... Update about the Chinese "dot-like hyphen" sign...
The character we were talking about is 0x2124 in GB. I could finally peek in
ftp://ftp.unicode.org/Public/MAPPINGS/EASTASIA/GB/GB12345.TXT (my web
connection was kaputt yesterday), and it actually maps to Unicode U+30FB
(KATAKANA MIDDLE DOT).
# Name: GB12345-80 to Unicode table (complete, hex
# Unicode version: 1.1
# Date: 6 December 1993
# Author: Glenn Adams <firstname.lastname@example.org>
# John H. Jenkins <John_Jenkins@taligent.com>
# Copyright (c) 1991-1994 Unicode, Inc. All Rights reserved.
# Any comments or problems, contact
0x2121 0x3000 # IDEOGRAPHIC SPACE
0x2122 0x3001 # IDEOGRAPHIC COMMA
0x2123 0x3002 # IDEOGRAPHIC FULL STOP
0x2124 0x30FB # KATAKANA MIDDLE DOT
You can see some examples of GB 0x2124 used to separate transliterated
Western names and surnames in these articles from the Renmin Ribao
(contains several names of American and British movie directors and actors).
- http://www.peopledaily.com.cn/leader/dl/b1051.html (is a brief
presentation of the American history for the Chinese readers, and features
However, Microsoft made a different decision about the mapping of this
character: when I read these GB articles with Internet Explorer 5 (under Win
NT 4.0), it gets mapped to Unicode U+00B7 (MIDDLE DOT).
I also had a look at some text in Big-5. This article from the China Times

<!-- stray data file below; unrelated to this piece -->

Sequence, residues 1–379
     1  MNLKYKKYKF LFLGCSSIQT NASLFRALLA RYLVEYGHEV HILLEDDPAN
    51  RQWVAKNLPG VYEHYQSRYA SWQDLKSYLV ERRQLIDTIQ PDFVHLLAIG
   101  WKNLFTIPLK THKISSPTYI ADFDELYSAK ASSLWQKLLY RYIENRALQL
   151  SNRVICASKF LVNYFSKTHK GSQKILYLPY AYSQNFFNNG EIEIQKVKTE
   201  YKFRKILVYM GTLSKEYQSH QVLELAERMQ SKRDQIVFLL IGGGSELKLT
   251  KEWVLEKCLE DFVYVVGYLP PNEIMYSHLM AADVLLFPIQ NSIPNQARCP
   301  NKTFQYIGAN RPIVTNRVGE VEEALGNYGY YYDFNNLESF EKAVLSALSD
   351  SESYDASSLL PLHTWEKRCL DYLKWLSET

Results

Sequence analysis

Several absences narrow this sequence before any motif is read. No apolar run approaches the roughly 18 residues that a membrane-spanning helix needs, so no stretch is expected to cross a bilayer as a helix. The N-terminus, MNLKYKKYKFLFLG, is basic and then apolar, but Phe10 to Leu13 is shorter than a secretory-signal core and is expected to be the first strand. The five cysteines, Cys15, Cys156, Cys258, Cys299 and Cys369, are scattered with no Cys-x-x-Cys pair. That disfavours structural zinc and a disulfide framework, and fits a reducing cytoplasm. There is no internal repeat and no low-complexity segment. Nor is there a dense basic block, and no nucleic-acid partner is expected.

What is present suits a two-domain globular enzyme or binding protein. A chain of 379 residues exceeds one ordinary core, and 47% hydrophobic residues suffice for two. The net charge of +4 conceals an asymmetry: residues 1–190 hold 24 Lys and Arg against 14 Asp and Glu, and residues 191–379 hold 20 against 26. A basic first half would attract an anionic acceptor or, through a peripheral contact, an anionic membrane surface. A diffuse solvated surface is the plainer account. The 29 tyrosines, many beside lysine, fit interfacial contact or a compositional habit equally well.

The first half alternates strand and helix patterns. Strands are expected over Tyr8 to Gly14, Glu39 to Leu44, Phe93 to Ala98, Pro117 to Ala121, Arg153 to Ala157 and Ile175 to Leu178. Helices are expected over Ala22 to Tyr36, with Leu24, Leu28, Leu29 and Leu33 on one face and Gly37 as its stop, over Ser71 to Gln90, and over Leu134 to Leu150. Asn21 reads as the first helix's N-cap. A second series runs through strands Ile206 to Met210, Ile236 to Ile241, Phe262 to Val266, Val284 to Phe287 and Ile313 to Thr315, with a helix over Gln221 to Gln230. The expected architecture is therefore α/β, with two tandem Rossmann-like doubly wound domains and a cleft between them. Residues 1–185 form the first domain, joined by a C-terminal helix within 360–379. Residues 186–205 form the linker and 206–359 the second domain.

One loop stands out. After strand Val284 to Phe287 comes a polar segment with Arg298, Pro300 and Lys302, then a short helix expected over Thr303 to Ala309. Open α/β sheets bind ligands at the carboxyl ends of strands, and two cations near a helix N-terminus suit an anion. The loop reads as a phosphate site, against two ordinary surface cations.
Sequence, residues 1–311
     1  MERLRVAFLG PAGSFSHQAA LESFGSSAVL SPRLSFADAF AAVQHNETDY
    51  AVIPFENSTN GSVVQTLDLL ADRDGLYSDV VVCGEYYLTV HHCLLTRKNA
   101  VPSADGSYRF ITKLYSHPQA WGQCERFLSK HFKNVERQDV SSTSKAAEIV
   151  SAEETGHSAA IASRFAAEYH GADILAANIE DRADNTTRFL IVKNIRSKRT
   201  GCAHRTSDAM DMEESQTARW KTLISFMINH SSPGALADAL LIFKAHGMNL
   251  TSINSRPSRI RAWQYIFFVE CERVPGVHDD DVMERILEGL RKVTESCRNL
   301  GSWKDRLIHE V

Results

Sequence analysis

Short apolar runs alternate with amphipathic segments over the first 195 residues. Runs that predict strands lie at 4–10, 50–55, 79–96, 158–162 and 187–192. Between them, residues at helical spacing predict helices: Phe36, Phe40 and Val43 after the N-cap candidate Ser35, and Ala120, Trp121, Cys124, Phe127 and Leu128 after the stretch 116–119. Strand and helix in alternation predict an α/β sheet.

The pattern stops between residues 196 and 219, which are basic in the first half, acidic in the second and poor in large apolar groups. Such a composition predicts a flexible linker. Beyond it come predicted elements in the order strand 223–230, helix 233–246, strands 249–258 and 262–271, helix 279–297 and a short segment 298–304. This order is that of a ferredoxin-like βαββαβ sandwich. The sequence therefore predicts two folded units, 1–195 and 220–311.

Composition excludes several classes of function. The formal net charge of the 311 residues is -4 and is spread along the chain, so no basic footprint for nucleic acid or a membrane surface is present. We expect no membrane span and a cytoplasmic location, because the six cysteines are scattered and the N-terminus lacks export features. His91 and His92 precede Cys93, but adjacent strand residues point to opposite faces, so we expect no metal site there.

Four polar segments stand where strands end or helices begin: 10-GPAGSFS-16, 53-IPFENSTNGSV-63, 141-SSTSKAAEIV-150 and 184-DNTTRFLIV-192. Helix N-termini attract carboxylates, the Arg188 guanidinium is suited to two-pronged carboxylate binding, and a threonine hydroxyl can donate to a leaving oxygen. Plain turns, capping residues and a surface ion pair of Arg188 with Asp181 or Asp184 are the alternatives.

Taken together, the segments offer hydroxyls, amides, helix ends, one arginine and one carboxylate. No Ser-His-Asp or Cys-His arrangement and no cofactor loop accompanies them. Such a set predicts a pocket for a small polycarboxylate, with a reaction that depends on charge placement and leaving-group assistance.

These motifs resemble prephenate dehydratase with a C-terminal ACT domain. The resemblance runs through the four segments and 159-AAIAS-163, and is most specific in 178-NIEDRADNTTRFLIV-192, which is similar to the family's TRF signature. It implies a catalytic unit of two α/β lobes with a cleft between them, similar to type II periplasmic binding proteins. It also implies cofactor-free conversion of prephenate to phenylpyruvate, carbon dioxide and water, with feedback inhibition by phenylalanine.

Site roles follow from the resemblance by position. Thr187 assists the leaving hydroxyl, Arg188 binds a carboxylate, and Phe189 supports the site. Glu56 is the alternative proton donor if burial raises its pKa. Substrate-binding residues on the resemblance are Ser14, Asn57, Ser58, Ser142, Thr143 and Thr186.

(Taiwan) shows the corresponding Big-5 character:
(talks about Linux)
I was surprised to discover that it is also used as a decimal separator for
numbers (percentages), when expressed with ideographic digits.
The behavior of Internet Explorer is interesting here: the character is
mapped to Unicode U+2027 (HYPHENATION POINT), that is a third reasonable
candidate for our guy.
If I was in Peter's (or other CJK font designers') situation, I would take
the safe approach and map U+00B7, U+2027 and U+30FB all to the same glyph,
so that most Chinese text would display nicely.
However, mapping U+00B7 to a CJK glyph has the drawback that it necessarily
becomes a wide character. This is OK in many situation, but not when the
Chinese text contains occasional words in Western languages, especially in
Catalan. In fact, I would not like to be the Chinese publisher who wants to
typeset a tourist guide of Barcelona using such a font...
This archive was generated by hypermail 2.1.2 : Tue Jul 10 2001 - 17:20:56 EDT